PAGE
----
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ENR212 Lecture 7 Slides and Notes

Slide 1

Manufacturing Processes
Lecture 7

SHEET METALWORKING

Dr Jun Ma
1. Cutting

2. Bending

3. Drawing

Hello, everyone and welcome to Lecture Summary 7. (This lecture works through material
covered in Chapter 20 of the textbook.)

In this lecture, we are going to introduce sheet metalworking. But first we’ll review the
classification of manufacturing processes. Manufacturing processes include processing
operations and assembling operations. Processing operations consist of shaping processes,
property enhancing processes, and surface treatment processes. There are four types of
shaping processes: solidification processes (such as metal casting), particulate processes,
deformation processes (such as bulk deformation and sheet metalworking), and material
removal processes.

Today we will look at sheet metal working. There are two basic types of working conditions:
hot or warm conditions and cold working conditions. Cold working increases the mechanical
properties such as strength. Another major advantage is that, because of strain hardening,
it gives a very good surface finish, and accurate dimensions.

There are three types of sheet metal working: cutting, bending and drawing. Cutting is a
shearing operation which cuts a metal sheet by using a punch and die. Bending involves
straining a metal sheet to take a permanent angle along a straight axis. Deep or cup
drawing refers to the forming of a flat metal sheet into a hollow or concave shape, such as a
cup, by stretching the metal.
ENR212 Lecture 7 Slides and Notes

Slide 2

ENR212- Lecture 7- Slide No. 2

Sheet Metalworking Defined

Cutting , bending and drawing operations


performed on relatively thin sheets of metal
• Thickness of sheet metal = 0.4 mm to 6 mm
• Thickness of plate stock > 6 mm
• Operations usually performed as cold working

We have already looked at rolling. If you remember, rolling is a metal bulk deformation
process. In a typical rolling, the thickness of a metal plate is reduced by two rotating mills.
The starting work material in rolling is a metal plate. On the other hand, sheet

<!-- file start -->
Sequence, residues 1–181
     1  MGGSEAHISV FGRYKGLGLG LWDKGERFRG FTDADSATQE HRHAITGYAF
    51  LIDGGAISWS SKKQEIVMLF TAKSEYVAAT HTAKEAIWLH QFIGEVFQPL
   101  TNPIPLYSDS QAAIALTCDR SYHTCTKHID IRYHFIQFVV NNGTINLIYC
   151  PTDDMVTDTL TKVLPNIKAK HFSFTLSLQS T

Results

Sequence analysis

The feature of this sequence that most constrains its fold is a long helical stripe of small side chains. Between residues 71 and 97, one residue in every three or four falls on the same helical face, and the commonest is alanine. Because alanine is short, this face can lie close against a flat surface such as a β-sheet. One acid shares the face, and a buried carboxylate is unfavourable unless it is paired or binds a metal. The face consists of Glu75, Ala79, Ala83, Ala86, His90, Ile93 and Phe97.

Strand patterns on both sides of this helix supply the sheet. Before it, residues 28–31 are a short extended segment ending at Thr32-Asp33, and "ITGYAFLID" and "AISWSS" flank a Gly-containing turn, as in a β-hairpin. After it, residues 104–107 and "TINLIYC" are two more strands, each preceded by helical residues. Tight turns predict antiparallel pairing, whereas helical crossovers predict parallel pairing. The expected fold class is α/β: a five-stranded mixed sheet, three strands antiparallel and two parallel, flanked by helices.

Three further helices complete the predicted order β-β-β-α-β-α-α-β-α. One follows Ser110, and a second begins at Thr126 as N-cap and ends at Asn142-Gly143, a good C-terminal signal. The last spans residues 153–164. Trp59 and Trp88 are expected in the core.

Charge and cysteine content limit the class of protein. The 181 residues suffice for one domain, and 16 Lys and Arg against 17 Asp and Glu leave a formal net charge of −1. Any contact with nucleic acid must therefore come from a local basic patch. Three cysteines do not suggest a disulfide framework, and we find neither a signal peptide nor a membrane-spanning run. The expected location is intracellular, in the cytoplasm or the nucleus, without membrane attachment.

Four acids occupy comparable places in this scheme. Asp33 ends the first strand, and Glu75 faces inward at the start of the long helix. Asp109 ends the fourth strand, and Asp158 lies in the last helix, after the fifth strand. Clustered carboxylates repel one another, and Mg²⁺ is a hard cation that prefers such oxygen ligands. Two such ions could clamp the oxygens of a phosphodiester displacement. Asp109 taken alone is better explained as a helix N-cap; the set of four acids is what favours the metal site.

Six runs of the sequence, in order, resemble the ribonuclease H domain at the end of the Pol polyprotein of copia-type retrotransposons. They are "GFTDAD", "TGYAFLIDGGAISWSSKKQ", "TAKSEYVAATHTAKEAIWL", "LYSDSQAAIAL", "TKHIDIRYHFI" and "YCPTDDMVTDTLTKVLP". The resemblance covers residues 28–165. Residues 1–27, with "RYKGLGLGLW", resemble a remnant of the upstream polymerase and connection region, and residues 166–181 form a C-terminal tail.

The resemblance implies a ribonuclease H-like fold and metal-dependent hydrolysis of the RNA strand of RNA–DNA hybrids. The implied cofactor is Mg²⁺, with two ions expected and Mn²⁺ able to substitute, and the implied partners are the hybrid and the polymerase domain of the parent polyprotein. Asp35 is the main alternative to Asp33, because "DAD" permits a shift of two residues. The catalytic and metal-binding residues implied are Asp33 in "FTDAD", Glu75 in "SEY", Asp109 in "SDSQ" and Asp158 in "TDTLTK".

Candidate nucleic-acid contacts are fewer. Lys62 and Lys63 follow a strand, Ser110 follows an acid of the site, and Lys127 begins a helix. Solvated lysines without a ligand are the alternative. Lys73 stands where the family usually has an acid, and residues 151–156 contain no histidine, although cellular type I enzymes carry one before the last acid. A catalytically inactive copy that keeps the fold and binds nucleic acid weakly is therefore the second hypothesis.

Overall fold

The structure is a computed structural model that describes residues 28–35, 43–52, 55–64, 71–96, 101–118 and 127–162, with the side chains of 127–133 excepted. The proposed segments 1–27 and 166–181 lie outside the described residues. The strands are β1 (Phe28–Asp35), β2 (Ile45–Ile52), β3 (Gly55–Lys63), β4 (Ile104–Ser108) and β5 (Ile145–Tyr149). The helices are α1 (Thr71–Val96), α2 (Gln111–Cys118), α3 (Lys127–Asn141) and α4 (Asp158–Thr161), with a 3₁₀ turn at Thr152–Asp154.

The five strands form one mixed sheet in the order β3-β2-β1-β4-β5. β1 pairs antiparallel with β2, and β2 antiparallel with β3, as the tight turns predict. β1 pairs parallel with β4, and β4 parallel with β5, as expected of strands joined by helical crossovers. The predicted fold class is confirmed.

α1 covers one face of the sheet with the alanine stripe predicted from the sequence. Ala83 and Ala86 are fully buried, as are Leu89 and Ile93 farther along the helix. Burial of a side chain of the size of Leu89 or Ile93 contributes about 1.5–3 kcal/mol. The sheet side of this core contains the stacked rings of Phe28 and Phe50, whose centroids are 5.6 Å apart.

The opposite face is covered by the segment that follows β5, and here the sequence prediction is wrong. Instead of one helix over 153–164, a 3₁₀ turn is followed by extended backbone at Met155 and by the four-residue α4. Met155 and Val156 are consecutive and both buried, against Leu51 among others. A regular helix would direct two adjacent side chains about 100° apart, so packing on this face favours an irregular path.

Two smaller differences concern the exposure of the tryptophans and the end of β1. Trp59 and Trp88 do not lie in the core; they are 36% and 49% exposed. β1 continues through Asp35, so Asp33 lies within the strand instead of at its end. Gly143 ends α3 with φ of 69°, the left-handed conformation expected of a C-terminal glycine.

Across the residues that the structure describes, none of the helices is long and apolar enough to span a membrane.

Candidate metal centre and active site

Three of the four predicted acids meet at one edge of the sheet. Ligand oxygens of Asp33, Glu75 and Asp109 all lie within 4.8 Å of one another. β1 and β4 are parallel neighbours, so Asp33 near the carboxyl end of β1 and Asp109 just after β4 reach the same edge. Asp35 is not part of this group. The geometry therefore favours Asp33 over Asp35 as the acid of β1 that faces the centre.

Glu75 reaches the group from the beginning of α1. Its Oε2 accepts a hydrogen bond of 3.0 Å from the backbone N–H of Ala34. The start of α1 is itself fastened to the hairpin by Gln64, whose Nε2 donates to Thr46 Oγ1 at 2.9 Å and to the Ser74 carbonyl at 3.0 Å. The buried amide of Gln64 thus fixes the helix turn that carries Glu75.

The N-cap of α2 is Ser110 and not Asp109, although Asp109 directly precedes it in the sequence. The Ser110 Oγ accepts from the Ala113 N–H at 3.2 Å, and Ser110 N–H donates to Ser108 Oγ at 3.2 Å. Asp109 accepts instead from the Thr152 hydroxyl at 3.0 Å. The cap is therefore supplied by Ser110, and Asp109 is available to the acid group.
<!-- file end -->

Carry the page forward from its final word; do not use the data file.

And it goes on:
metalworking operations are performed on relatively thin sheets of metal. Typically, the
sheets are between 0.4 mm and 6 mm thick, while plate stock is usually thicker than 6mm.
ENR212 Lecture 7 Slides and Notes

Slide 3

ENR212- Lecture 7- Slide No. 3

Sheet Metal Products

• Sheet metal parts for consumer and industrial


products such as
– Automobiles and trucks
– Airplanes
– Railway cars and locomotives
– Farm and construction equipment
– Small and large appliances
– Office furniture
– Computers and office equipment

Sheet metalworking is commercially significant, as you can see from the list. There are
plenty of sheet metal products, ranging from transport through farming to office work.
ENR212 Lecture 7 Slides and Notes

Slide 4

ENR212- Lecture 7- Slide No. 4

Advantages of Sheet Metal Parts

• High strength
• Good dimensional accuracy
• Good surface finish
• Relatively low cost
• Economical mass production for large quantities

Sheet-metal parts are generally characterized by high strength, good dimensional accuracy,
good surface finish, and relatively low cost. If you think back to earlier lectures, you will
realize that these features are actually the advantages of cold working, because sheet metal
working is often conducted at room temperature (which is cold working).
ENR212 Lecture 7 Slides and Notes

Slide 5

ENR212- Lecture 7- Slide No. 5

Sheet Metalworking Terminology

• Stamping press: a press that performs sheet


metal operations
• Punch-and-die: tooling to perform cutting,
bending, and drawing
• Stampings: sheet metal products

A stamping press is a press that performs sheet metal operations. In sheet metal working,
the punch‑and‑die tool is often used to perform cutting, bending, and drawing